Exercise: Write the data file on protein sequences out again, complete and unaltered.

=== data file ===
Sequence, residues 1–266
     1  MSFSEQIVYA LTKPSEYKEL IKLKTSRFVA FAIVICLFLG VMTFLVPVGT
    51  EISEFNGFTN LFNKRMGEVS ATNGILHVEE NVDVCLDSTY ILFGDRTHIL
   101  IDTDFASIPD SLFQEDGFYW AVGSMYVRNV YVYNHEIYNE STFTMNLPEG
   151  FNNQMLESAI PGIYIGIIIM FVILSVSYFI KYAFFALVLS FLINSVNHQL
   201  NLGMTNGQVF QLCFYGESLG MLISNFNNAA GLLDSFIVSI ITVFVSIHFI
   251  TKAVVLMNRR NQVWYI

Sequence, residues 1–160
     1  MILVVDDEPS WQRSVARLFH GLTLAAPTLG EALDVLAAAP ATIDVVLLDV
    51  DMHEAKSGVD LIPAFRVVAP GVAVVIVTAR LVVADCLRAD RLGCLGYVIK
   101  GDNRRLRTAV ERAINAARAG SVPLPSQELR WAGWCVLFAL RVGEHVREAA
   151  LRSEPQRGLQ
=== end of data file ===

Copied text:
Sequence, residues 1–266
     1  MSFSEQIVYA LTKPSEYKEL IKLKTSRFVA FAIVICLFLG VMTFLVPVGT
    51  EISEFNGFTN LFNKRMGEVS ATNGILHVEE NVDVCLDSTY ILFGDRTHIL
   101  IDTDFASIPD SLFQEDGFYW AVGSMYVRNV YVYNHEIYNE STFTMNLPEG
   151  FNNQMLESAI PGIYIGIIIM FVILSVSYFI KYAFFALVLS FLINSVNHQL
   201  NLGMTNGQVF QLCFYGESLG MLISNFNNAA GLLDSFIVSI ITVFVSIHFI
   251  TKAVVLMNRR NQVWYI

Sequence, residues 1–160
     1  MILVVDDEPS WQRSVARLFH GLTLAAPTLG EALDVLAAAP ATIDVVLLDV
    51  DMHEAKSGVD LIPAFRVVAP GVAVVIVTAR LVVADCLRAD RLGCLGYVIK
   101  GDNRRLRTAV ERAINAARAG SVPLPSQELR WAGWCVLFAL RVGEHVREAA
   151  LRSEPQRGLQ